3. Sequence Diagram: Sequence diagrams illustrate the interactions between objects or components in a specific scenario or sequence of events.
  4. Activity Diagram: Activity diagrams represent workflows or business processes within a system.
  5. State Machine Diagram: State machine diagrams model the states of an object or component and how it transitions from one state to another based on events or conditions. 
  6. Component Diagram: Component diagrams show the physical components of a system and how they are interconnected.
  7. Deployment Diagram: Deployment diagrams depict the physical deployment of software components onto hardware nodes such as servers or devices. 

6. Dimension Modelling

Star schema example

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Dimensional modeling is a data modeling technique used in data warehousing to structure and organize data for easy retrieval and analysis. It involves organizing data into dimensions, which represent the different ways that users want to view their data, and facts, which are metrics that users want to analyze.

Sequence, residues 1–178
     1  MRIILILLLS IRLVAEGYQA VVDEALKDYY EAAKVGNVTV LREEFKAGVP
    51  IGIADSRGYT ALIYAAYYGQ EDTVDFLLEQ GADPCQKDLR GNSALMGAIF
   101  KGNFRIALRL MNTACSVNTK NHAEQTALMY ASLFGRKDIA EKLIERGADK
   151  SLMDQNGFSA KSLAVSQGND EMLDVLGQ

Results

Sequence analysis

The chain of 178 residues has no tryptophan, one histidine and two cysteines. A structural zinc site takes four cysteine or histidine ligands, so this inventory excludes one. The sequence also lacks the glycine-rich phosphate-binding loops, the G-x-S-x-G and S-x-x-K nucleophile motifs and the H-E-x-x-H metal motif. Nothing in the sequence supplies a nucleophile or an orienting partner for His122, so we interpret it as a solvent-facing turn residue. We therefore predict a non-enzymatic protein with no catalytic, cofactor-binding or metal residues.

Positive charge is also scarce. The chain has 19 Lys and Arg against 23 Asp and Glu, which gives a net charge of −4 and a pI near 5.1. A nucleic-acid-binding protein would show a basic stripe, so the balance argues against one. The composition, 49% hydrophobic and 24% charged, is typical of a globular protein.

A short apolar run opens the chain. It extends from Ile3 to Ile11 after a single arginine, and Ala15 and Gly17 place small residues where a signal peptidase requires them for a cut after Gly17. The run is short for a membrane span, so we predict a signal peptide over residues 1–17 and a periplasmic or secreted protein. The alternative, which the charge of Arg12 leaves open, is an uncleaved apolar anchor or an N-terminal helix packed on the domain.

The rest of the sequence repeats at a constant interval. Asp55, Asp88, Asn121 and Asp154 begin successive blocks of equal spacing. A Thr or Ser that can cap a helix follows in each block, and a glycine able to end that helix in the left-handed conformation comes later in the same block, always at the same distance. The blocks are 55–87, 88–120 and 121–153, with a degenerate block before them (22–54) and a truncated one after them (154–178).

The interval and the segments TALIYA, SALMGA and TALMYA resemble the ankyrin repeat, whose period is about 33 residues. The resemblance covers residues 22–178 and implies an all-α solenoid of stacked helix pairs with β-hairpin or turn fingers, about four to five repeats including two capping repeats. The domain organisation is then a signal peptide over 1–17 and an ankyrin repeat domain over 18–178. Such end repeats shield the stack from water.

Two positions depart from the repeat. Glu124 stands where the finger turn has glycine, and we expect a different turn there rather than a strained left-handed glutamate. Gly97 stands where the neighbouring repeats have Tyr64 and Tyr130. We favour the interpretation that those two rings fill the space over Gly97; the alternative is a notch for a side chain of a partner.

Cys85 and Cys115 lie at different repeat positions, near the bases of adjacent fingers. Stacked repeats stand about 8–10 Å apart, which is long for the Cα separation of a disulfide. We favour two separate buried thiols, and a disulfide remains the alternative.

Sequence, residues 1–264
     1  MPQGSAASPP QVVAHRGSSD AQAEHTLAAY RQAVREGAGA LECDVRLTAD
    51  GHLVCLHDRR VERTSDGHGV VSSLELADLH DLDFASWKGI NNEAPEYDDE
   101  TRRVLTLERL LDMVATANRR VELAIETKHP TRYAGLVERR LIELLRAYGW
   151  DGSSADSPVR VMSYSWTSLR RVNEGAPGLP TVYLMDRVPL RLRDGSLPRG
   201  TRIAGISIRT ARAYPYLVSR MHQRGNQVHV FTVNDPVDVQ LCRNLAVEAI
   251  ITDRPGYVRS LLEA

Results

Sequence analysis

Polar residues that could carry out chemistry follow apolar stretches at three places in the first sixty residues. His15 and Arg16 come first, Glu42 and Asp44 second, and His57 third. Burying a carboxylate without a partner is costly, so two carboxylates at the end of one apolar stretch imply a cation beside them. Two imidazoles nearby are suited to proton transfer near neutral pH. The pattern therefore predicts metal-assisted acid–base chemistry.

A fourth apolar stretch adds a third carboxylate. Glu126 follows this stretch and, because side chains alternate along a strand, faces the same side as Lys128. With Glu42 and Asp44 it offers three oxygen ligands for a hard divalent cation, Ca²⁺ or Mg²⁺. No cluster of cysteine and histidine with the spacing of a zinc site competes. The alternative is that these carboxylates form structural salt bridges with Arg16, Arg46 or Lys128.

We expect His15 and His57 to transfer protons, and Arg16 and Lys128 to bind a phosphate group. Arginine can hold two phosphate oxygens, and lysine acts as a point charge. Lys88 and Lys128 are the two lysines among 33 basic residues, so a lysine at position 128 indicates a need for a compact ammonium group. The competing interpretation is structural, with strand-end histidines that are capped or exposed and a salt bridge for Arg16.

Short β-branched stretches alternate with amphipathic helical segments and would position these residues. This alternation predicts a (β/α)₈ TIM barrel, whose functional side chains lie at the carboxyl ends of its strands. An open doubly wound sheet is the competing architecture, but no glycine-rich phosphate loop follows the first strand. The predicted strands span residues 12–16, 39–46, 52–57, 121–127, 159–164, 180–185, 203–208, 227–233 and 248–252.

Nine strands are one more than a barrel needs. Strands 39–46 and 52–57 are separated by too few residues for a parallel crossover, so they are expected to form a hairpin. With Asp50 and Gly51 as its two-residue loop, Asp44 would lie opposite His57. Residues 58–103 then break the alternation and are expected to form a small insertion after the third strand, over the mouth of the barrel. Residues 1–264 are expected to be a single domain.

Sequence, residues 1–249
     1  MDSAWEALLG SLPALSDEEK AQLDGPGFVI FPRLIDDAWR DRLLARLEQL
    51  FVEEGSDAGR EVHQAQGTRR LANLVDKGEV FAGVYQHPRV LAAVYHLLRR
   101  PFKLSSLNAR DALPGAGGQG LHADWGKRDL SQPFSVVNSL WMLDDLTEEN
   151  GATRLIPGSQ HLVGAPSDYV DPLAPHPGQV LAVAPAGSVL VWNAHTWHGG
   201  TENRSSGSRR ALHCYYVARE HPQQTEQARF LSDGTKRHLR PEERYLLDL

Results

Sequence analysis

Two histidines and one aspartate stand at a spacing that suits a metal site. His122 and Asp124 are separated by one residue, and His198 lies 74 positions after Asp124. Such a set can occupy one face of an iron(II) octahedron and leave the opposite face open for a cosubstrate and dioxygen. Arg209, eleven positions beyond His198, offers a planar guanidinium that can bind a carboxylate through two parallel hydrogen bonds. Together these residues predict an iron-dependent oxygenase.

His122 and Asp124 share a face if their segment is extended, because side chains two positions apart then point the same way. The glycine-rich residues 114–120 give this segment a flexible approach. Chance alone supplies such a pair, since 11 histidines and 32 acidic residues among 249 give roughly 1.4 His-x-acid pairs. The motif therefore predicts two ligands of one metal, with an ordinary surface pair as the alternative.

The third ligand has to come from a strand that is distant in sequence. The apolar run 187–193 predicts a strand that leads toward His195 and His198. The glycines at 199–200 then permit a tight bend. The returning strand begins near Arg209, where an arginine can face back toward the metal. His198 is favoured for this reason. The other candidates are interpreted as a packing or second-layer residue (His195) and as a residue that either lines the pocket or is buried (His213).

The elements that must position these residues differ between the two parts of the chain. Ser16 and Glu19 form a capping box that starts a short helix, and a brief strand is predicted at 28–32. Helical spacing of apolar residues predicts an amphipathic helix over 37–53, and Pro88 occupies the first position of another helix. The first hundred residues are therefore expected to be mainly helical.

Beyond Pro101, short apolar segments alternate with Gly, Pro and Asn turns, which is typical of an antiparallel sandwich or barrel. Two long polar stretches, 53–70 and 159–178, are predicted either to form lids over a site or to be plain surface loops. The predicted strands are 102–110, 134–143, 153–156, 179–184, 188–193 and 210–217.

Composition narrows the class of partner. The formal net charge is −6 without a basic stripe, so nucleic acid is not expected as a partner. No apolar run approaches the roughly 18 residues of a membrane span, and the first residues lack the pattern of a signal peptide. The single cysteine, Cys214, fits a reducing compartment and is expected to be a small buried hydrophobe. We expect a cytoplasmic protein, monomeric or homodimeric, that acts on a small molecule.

Here are some key points about dimensional modeling:  

Dimensions: Dimensions are the descriptive attributes of data that provide context for analysis. They are typically hierarchical, with levels ranging from broad categories to specific details.

Facts: Facts are the numerical measurements or metrics that users want to analyze about dimensions. These can be quantitative measures such as sales revenue, quantity sold, or profit margin.

7. Data Vault Modeling

Data Vault Model

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Data vault modeling is a methodology used in data warehousing that provides a flexible and scalable approach to storing and organizing data. It consists of three key components: hubs, links, and satellites.